These illustrators were Nestor and Virgilio Redondo, Alfredo Alcala, Amado Castrillo, Tony Caravana, and Romeo Francisco. They named their company CRAF Publications, which is a combination of their surnames' initials. Later on, another talented artist, by the name of Jim Fernandez, joined CRAF.
In 1963, CRAF held office at the corner of Recto Avenue and T. Alonso St., in Manila, with telephone number 6-22-98.
On May 7, 1963, CRAF's first komiks-magazine, Redondo Komix, was born. The group planned to publish komiks-magazines bearing the names of each of the members. But since they only had limited budget, they decided to publish the other titles on a staggered monthly basis.
On June 1963, Alfredo Alcala's Alcala Fight Komix, was published. After one month, Amado Lovers Komix (Amado Castrillo's namesake komiks)was issued. CRAF's komiks-magazines boasted a full wrap-around cover, the first of its kind in the Philippines.
I am not sure why Romeo Francisco and Tony Caravana did not have their namesake komiks at this time, although Mang Vir told me that Francisco and Caravana were just junior partners of CRAF.
About a year after Redondo Komix's first issue, CRAF published another komiks-magazine: CRAF KLASIX. This cover was iilustrated by Federico Javinal for Francisco Coching's serial "Marko Bandido"
As a komiks fanatic, I am well aware of the contribution of CRAF komiks-magazines to our rich komiks tradition. CRAF elevated Filipino comic art to new heights, unmatched even today.
Yet a few years later, CRAF closed shop. It did not prosper commercially.
When Mang Vir (Virgilio Redondo) was still living, I was able to meet him on some occasions in GASI where he sold xerox copies of his old komiks-magazines. According to him, even at the beginning, there were some misunderstandings between the incorporators.
It seemed that there was some sort of unspoken rivalry that emerged between these highly-talented artists. Small things were source of petty misunderstandings, such as, who will do the cover, which artist will illustrate this or that serial, etc.
Yet the biggest setback of CRAF was on the economics side. Since they only had very limited funds (mostly gathered from their own personal money), printing costs were always a big concern.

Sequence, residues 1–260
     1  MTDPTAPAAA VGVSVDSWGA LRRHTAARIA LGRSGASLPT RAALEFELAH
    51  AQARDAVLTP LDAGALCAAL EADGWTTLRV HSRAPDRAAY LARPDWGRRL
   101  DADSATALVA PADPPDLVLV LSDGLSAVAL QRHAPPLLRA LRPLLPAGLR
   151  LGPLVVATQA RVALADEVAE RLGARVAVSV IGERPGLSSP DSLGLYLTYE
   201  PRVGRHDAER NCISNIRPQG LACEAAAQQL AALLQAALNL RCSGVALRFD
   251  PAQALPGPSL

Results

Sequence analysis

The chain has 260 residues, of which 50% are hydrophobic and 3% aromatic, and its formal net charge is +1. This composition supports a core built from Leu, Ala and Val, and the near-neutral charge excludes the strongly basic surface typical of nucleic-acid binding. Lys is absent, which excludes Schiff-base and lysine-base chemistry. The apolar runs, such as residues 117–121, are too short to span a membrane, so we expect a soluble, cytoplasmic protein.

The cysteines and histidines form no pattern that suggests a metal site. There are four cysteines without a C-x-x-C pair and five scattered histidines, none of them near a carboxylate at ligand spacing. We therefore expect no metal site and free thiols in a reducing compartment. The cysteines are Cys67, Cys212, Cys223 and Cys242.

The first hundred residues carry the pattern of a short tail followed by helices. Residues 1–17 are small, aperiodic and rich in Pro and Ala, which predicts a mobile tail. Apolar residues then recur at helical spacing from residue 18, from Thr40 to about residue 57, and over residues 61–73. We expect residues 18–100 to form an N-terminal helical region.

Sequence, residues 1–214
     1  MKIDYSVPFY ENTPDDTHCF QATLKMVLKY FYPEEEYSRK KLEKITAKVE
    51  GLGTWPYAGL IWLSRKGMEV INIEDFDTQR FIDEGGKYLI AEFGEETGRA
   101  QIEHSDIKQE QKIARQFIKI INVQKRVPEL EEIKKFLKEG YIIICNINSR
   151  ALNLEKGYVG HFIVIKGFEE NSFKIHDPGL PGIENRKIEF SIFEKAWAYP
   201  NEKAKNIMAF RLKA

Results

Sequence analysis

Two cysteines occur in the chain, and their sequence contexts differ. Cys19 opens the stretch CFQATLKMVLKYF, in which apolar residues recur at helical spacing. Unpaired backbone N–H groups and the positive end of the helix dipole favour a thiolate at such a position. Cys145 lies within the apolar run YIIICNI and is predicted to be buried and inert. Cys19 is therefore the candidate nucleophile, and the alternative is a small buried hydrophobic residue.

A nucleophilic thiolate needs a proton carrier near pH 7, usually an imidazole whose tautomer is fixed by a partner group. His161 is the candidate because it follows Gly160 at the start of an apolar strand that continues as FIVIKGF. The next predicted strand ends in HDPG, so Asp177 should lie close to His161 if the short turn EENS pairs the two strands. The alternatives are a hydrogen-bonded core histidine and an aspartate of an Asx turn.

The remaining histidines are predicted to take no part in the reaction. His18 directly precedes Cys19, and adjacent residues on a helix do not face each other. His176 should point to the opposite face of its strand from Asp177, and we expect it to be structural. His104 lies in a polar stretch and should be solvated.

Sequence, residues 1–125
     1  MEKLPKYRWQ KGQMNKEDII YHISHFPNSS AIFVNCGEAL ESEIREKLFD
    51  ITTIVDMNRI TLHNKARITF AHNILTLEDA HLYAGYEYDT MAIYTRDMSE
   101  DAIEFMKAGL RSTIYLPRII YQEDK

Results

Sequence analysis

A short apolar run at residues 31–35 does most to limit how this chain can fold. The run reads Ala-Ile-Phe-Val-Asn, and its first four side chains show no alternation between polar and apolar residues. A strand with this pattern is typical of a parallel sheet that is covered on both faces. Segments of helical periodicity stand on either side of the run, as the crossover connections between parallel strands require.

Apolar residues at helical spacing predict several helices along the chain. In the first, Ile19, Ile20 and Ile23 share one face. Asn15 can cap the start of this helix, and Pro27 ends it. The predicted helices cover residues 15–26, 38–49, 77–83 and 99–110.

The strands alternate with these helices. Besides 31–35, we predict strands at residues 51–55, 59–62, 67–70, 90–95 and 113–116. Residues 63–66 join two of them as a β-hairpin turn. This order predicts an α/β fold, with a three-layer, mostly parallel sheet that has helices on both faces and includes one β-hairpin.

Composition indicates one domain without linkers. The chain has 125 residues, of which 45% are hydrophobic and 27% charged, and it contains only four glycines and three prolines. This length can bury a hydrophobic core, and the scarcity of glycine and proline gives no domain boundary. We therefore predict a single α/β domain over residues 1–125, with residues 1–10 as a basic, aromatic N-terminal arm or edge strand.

CRAF also lacked an effective distribution network, a vital problem of small-time komiks publishers. Indeed, most other small komiks publishers point to this reason for their early demise.
Great artists, in general, are not great businessmen. They are too preoccupied with their art to bother on its commercial side. CRAF took the greatest care to make its komiks-magazines the most artistically superior komiks of that era, yet it is not enough to ensure the companies success or even survival.
CRAF's komiks-magazines are artistically far superior than other komiks-magazines at that time(and that includes those published abroad). Even the great illustrator Fred Alcantara was recruited to grace the pages of CRAF's komiks. Later on, young Alex Nino would join CRAF's creative team.
Yet, CRAF lacked the PR, so to speak, and their komiks pages speak for proof. A Redondo Komix or Alcala Fight Komix, for instance carried some of the most outstanding artworks of that era. Alfredo Alcala with his magnificent Voltar, and his historical ships, and Redondo with his ever popular Gagamba and Palos series. These pages are testaments of the high level of artistry achieved by these greatest Filipino artists. Yet, even these were not enough to make the company survive, much less prosper.
Alfredo Alcala's Voltar in Alcala Fight Komix. This splash page was awarded first prize during the 1963 annual illustrators contest sponsored by the National Press Club and the Society of Philippine Illustrators and Cartoonists. Superior rendering like this had elevated the Philippine comic art to such heights unmatched even today.
The bi problem was that CRAF had virtually no advertisers, the life-blood of the komiks-magazine. In an industry when thousands of komiks-magazines had to be printed weekly, advertisers' funds are vital for survival. Yet, turn the pages of a Redondo Komix or an Alcala Fight Komix, and you wont find any advertiser. Unlike Ace which relied mostly on advertisers' fees to shoulder their printing costs, CRAF and other small publishers lacked the PR to attract the big advertisers.
Fimed several times, the Redondo brothers' Palos was the most popular komiks hero of the era, even for a time surpassing Darna's popularity.
The first incorporator to leave CRAF was Jim Fernandez, who, incidentally, was the last to join. He said he was concentrating on writing stories, which was true. He sold his rights to Amado Castrillo. It was the signal, Caravana was next. He left the company to establish his own komiks-magazine: CARAVANA KLASICS, in 1965.
I am not very sure what happened next. Maybe Alcala left CRAF in 1965, because I have not seen an Alcala Fight Komix after that year.
In 1968, Nestor Redondo founded his own komiks publishing company:ARES, which published Superyor Komiks and Palos Komiks.
It is not very clear when exactly CRAF finally closed shop but I believe it did not reach the year 1969. What is clear, however, is the fact that CRAF will stand out as one of the most artistically (if not economically)succesfull komiks magazines in the Philippines.
This short story that appeared in the issue #12 of Redondo Komix was a unique example of experimentations by CRAF'S creative team. Why? Because this was literally illustrated by CRAF,that is, by Caravana, Castrillo, Redondo, Alcala, and Francisco. Each panel had a touch of ink by each of these artists.